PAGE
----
Johnny Herbert: For most of my career I’d driven Ford-powered cars, so to give Ford its first Formula One win in five years in 1999 was something special. My win in the Stewart Ford in the 1999 European Grand Prix at the Nürburgring seemed a good way to pay them back. I think I drove a good race in difficult conditions that day. I’d been watching the clouds and knew the wind direction, so I was able to make the right choice on tires. That put me up toward the front, and I was able to pick off the place from there.

Dick Johnson: Winning the 1981 Australian Touring Car Championship and Bathurst [1000-kilometer endurance race] in the same year, in a Ford Falcon XD, would have to be my most memorable racing achievement. It was the first time ever a Queensland-based Ford team won the championship and Bathurst. That was pretty special.

Parnelli Jones: I’ve driven a lot of Fords. Won a stock car championship in a Mercury, and I won the Motor Trend 500 at Riverside, the L.A. Times Grand Prix, won Pikes Peak in a Mercury. Won the Baja 1000 twice in Fords, my cars won Indy with a Ford. In Trans-Am I won the championship for them in 1970, that was a thrill because we were under a lot of pressure. Each one of those was great, they were highs. It’s hard to say one was greater than the other.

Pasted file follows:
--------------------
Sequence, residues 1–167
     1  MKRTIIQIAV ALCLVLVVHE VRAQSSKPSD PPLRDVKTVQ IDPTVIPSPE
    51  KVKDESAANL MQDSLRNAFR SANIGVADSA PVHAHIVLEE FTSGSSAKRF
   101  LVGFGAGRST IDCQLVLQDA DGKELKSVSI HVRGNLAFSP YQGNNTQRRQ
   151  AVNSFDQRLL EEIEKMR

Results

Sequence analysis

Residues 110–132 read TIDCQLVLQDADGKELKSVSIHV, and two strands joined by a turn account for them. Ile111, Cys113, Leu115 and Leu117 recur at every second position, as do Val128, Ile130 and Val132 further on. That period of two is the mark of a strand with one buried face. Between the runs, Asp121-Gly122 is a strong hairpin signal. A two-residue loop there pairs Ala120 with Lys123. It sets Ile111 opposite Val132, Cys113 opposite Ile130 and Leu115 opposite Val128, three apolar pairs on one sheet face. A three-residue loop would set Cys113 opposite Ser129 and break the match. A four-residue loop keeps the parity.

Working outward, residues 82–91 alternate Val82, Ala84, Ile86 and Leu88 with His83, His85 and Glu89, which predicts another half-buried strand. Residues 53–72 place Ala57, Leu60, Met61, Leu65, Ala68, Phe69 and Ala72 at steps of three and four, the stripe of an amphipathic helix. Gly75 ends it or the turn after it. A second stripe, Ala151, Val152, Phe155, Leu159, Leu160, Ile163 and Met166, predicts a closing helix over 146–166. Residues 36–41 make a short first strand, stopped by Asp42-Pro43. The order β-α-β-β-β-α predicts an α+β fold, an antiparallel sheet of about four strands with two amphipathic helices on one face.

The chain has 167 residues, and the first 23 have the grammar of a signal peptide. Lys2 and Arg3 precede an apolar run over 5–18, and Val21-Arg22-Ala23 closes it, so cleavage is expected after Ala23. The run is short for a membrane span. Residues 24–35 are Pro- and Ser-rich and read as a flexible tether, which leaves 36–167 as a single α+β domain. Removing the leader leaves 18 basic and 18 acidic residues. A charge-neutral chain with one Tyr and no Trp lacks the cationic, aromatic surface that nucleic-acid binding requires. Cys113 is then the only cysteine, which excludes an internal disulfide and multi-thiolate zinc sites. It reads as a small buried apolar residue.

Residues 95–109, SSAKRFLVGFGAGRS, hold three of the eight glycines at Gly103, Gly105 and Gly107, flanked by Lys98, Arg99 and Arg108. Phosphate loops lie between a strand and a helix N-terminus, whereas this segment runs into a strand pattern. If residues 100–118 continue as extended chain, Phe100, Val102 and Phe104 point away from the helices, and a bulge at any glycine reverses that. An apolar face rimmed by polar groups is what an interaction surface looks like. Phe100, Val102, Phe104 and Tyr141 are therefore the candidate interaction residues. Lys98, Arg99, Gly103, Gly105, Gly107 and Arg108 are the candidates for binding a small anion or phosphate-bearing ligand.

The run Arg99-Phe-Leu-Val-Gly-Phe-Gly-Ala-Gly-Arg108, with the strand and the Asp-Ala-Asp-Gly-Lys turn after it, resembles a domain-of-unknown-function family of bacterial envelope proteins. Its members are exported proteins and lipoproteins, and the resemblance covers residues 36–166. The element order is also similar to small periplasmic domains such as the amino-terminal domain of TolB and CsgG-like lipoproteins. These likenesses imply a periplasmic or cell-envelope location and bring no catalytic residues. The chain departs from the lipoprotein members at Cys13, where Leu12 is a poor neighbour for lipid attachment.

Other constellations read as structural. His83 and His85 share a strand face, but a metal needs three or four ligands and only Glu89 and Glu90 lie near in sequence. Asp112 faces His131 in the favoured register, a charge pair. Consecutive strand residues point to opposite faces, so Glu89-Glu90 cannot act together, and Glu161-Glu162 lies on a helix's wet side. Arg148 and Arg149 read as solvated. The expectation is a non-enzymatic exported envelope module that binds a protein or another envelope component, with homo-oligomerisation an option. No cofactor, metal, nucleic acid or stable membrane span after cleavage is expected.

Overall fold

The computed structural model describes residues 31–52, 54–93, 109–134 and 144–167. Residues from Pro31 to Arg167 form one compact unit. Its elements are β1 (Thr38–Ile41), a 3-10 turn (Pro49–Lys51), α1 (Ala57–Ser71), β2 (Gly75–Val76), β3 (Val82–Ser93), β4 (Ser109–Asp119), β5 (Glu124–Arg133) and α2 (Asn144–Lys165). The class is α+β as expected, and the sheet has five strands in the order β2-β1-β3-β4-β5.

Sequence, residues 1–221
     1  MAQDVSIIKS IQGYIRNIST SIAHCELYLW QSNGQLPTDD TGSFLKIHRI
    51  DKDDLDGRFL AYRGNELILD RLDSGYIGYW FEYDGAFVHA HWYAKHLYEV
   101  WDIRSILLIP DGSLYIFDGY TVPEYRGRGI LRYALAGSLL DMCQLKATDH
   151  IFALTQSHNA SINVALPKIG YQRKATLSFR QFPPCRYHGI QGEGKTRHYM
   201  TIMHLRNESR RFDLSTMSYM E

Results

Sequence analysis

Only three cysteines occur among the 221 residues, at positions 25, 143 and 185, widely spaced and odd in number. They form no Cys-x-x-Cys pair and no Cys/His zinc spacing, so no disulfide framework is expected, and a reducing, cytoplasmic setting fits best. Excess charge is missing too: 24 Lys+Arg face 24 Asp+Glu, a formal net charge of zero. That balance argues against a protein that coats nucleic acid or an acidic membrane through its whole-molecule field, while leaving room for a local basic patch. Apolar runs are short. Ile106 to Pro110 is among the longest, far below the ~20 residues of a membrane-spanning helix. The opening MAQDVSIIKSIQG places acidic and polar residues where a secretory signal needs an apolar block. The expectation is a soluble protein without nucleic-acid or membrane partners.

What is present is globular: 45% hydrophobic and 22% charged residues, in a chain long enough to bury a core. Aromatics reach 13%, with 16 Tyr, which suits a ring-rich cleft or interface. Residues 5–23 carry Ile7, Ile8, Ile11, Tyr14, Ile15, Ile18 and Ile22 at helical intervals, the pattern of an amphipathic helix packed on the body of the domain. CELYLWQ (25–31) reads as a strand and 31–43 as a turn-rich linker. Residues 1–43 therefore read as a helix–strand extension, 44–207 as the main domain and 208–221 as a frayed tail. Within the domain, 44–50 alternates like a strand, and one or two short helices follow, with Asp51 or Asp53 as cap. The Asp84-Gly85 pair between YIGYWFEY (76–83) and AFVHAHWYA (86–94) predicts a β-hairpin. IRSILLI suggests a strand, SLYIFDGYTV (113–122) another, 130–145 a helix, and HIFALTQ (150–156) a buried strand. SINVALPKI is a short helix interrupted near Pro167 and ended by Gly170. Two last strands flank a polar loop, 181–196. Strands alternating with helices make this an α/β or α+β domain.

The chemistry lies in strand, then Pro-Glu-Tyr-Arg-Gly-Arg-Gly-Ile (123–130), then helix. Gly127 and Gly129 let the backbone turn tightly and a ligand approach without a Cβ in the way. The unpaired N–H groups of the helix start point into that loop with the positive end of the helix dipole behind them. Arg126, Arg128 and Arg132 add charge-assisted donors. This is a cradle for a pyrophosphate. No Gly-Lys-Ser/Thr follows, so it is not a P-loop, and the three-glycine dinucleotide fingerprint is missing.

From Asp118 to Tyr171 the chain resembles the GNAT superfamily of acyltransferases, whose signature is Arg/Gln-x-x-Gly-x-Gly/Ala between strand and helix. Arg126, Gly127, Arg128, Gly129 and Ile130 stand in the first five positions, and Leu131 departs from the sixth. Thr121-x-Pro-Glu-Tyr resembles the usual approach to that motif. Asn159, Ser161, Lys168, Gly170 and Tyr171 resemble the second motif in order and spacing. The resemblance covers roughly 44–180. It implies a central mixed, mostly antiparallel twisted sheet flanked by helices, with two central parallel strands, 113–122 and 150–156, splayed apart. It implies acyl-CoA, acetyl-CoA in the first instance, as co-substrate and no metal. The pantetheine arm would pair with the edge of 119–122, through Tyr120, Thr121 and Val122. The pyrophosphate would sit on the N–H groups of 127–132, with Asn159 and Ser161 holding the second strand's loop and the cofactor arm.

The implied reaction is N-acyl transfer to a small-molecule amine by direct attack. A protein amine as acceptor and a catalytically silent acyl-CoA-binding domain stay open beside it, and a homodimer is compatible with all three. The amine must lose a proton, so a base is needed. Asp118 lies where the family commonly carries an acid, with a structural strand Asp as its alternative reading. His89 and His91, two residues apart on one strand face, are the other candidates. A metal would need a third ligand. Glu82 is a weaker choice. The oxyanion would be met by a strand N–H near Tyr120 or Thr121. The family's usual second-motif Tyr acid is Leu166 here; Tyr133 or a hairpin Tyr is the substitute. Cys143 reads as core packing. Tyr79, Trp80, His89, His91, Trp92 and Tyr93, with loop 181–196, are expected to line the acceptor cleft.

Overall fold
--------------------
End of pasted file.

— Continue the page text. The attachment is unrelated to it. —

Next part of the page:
Klaus Ludwig: I have so many good memories from years with Ford, from racing Zakspeed Escorts and Capris in the German DRM sports car series to driving the Mustang and Probe IMSA contenders in the U.S. Then there’s my time in the Eggenberger Ford Sierra RS500s, finishing second in the World Touring Car Championship in 1987 was another highlight. One of my best drives for the Blue Oval, however, has to be the IMSA race at Sears Point in 1981. I was driving a Miller Ford Mustang, which was effectively a Zakspeed Capri, and I overtook Brian Redman’s GTP Lola on the final lap to win.

Bobby Rahal: For me as a fan, Ford’s memorable moment in racing history was winning Le Mans in ’66, and how they took so many Americans over with them, guys like Gurney and [Bob] Bondurant and Jerry Grant, all of those great drivers. As a car guy, the day I bought my 427 Cobra, because as a teenager I lusted after that car, I thought it was the ultimate. And as a driver, I certainly won a lot of races with Cosworths, and if it hadn’t been for Ford there would probably be no Cosworth. And I have to say, being chosen team principal of Jaguar Formula One was a big moment for me personally. When Neil Ressler asked me, I was tremendously proud.